“Six weeks ago,” she continues,”I found out I have breast cancer. It is not what I wanted. But….” (you could hear a pin drop) “… I am in that place once again of needing to trust God through this. Once again, I am learning that I am more than a wife. I am more than the Mom of three little ones. I am not the-tragic-story-of-the-young-mom-with-cancer. Above all, I am a child of God and deeply loved by Him. I’m clinging to him.”

I nod, mute and marveling at her resolve.

Saturday

It is my turn behind the microphone, and I am teaching about being a daughter of the King. I talk about how Jesus has rescued us from the marketplace of slavery to sin. I talk about how he has moved us out of the courtroom of condemnation, and brought us into the family room of God, where we now stand as adopted and beloved children of God.

In the sea of faces, I keep finding hers. “There she is,” I think to myself, “the daughter of God.”

She is my friend. She is a wife. She is a mom. She has cancer. But those are not her taglines. Each of those relationships, while real and precious, are temporal. If one has to have a tagline for one’s life, it should be one that will outlast the seasons. Cancer is not her tagline.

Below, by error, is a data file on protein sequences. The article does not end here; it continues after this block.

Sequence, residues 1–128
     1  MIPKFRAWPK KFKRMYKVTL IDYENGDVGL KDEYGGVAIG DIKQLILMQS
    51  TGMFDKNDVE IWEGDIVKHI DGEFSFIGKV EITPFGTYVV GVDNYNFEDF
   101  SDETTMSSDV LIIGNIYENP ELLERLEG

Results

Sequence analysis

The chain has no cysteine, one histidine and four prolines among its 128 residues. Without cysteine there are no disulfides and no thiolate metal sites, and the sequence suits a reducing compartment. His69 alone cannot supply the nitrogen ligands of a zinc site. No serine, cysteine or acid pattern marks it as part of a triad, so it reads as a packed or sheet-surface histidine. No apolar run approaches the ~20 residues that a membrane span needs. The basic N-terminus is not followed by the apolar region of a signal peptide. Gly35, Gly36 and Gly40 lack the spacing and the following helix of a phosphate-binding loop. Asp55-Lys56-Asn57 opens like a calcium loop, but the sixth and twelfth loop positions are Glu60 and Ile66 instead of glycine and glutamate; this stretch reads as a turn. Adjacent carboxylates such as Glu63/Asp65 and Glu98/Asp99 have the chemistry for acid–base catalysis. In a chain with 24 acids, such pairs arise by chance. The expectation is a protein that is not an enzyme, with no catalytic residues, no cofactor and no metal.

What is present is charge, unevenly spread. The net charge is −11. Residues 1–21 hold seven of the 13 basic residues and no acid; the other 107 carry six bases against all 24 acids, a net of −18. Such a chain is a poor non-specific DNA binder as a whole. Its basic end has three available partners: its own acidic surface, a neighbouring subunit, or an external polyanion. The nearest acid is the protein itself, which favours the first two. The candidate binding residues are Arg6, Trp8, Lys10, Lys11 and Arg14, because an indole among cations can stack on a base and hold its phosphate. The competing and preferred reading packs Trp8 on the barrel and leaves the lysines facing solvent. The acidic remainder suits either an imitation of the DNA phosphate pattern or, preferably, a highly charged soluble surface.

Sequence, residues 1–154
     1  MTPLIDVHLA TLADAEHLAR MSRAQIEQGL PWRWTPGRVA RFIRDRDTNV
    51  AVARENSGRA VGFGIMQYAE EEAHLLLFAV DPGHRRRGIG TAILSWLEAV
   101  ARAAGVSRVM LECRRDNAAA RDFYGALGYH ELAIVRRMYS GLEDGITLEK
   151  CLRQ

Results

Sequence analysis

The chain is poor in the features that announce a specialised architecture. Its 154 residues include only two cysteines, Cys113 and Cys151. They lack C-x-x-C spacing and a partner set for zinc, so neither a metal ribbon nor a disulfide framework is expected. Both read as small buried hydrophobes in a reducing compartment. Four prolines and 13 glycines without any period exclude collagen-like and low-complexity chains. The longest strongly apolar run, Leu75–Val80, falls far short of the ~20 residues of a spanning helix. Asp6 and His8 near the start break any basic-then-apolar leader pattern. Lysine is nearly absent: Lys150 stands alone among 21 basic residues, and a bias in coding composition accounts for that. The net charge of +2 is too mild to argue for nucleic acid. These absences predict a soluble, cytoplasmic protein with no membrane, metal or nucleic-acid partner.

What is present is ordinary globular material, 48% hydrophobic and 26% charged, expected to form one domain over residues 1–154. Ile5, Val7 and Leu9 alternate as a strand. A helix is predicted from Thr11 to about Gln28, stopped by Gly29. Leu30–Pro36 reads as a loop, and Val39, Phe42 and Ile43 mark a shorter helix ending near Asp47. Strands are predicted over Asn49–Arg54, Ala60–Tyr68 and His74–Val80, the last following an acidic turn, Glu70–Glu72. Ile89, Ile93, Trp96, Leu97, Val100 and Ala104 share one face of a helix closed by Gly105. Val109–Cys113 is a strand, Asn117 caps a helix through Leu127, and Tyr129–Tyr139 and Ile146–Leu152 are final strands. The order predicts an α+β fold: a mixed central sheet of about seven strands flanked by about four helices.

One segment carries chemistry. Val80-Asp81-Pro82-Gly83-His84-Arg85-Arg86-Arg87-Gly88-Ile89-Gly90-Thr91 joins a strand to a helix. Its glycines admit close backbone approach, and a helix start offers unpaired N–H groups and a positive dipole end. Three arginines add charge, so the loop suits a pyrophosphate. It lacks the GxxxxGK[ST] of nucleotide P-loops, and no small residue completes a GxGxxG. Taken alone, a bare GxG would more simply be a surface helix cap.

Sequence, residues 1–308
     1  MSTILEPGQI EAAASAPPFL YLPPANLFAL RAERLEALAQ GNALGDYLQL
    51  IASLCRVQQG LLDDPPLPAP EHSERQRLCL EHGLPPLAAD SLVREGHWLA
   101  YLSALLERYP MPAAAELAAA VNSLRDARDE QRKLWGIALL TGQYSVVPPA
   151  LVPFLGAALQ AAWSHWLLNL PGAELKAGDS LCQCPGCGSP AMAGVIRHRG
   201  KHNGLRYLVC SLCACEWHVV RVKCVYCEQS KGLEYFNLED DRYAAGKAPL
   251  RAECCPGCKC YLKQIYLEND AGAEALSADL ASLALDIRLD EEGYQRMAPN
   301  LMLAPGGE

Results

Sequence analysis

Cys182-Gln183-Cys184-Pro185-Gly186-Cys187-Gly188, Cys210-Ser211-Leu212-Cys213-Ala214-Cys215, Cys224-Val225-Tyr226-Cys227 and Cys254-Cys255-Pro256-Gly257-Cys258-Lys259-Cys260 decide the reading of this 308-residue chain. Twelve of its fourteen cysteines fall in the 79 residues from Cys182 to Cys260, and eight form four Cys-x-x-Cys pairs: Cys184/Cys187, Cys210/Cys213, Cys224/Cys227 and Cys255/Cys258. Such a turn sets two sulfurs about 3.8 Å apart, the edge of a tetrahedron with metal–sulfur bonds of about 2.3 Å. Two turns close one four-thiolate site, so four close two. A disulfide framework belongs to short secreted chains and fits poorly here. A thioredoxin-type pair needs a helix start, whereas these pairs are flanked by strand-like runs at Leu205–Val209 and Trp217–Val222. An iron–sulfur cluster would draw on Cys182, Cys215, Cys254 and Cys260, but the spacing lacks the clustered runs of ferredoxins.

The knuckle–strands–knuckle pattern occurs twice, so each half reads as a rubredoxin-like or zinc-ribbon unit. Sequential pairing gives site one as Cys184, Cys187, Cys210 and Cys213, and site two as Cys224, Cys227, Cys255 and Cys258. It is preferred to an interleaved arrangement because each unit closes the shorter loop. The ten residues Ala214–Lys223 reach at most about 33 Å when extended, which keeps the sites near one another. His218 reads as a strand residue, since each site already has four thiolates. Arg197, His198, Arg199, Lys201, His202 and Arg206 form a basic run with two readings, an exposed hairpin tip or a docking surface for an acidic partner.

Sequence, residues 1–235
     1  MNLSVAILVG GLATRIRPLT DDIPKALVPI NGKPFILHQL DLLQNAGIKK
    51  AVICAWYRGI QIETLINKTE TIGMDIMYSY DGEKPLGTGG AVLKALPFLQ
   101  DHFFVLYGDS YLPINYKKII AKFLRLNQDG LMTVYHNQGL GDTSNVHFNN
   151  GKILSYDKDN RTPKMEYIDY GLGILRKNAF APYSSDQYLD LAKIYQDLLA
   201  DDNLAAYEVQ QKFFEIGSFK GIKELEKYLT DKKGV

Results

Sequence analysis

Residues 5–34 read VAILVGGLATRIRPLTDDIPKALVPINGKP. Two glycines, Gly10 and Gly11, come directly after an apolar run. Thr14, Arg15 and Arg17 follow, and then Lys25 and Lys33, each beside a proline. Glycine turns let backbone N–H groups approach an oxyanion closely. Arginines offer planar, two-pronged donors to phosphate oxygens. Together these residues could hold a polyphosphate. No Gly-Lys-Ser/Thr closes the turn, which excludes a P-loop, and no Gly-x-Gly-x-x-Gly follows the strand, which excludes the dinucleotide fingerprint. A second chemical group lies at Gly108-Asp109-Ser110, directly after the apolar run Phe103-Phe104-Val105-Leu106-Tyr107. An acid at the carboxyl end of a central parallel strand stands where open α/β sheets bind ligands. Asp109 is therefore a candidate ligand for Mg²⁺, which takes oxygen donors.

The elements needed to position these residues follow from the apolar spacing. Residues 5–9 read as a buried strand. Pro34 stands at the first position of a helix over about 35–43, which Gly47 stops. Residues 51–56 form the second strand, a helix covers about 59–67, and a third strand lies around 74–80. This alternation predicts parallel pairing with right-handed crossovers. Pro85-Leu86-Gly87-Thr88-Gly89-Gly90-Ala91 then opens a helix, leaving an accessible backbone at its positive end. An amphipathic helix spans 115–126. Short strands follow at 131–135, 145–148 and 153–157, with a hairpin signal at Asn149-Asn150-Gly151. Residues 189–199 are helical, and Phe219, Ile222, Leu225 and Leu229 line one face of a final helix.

Above all, she is the daughter of God.

Sunday

This morning she is wearing a hat. “I washed my hair,” she explains. “It all came off. Eventually I had to get out the shower because there was no end to the shedding and I was clogging the drain.”

Her hat is cute, but this is not the time for admiring her fashion-sense.

I am fighting the urge to cry. I fight the urge to make a lame pun and let laughter mask the awfulness. I swallow my words, “hair today, gone tomorrow.” I nod.

“I didn’t realize it before,” she says, “but it’s true what the Bible says about a woman’s hair being her glory. It really looks terrible. We were made to be with hair.”

I look at my friend and imagine her glory lying in clumps in the shower drain. But then I look at her and Psalm 103 comes to mind again:

Bless The Lord, O my soul, and forget not all his benefits….
…. he crowns you with love and compassion.” (Psalm 103:2, 4)

She may not be crowned with hair, but her head is covered with glory. She is the daughter of the King, crowned with His love and compassion.

She may have cancer, but cancer does not have her. She does not belong to chemo, she belongs to Jesus; and His glory is written all over her.

I watch her walk out the door, sporting a diaper bag and a different, cute hat. She is on her way to church to worship her God.

For the first time, I’m beginning to feel her resolve.

You may also like this related post: To be or not to be
This post is part of the 31 Days of Belonging Series. For a complete list of posts, click here.